Turkey’s banks in equity market rally
The country’s banks are proving among the most resilient in emerging Europe and have helped to boost sentiment towards the country and its stock market. But are there still dangers ahead? Guy Norton reports.
IN CONTRAST TO the doom and gloom that surrounds many banking sectors in the post-credit crunch era, there’s a positively upbeat tone around Turkish banks at the moment. Whereas in 2001 the country’s banking sector was widely viewed as the weakest link in Turkey’s crisis-hit economy, during the course of the present global economic crisis it has arguably proved to be its strongest.
Ironically, the Turkish banking sector is now reaping the rewards of its own failure in 2001, with improved risk management and regulation meaning that banks were cautious during the recent boom years. The result has been high capital adequacy ratios of 18%, prudent borrowing abroad and a focus on stability rather than triple-digit growth rates. For example, the Turkish banking sector’s total loan syndication repayments in the next 12 months are only $9.7 billion and banks have enough cash on hand to repay half this amount, with the rest likely to be rolled over.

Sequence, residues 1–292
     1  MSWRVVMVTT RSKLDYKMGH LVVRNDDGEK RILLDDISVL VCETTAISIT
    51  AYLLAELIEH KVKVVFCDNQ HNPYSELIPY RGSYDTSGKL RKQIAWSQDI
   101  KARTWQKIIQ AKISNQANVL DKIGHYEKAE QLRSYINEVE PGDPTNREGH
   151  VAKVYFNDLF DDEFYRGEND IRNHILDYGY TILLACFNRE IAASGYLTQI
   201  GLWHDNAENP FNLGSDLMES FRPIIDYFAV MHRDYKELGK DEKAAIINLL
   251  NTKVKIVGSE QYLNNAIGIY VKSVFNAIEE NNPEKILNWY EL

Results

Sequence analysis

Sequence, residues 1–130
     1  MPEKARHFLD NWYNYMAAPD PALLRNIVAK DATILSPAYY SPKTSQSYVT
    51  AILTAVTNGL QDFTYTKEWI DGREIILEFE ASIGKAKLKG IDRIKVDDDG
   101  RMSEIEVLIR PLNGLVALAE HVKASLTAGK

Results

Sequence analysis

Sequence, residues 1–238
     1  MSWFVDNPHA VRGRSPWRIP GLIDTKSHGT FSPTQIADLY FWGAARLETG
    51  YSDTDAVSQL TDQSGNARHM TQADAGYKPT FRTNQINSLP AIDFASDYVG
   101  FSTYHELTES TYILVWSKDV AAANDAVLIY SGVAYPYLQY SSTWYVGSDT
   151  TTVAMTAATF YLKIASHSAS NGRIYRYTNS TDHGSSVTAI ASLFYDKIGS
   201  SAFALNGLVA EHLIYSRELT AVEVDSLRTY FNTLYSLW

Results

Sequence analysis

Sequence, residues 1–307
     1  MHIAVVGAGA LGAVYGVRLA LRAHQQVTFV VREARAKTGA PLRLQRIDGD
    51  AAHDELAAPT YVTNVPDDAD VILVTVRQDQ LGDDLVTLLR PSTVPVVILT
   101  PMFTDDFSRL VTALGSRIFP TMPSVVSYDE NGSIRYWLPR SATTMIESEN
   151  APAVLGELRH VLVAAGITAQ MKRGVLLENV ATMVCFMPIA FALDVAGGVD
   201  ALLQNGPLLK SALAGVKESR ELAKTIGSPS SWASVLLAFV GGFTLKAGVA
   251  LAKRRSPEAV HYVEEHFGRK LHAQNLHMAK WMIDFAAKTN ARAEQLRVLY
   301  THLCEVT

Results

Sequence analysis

In mid-May, Turkish banks reported their first-quarter financials, and most of them beat expectations. Profits at the top eight banks came in at TL2 billion ($1.3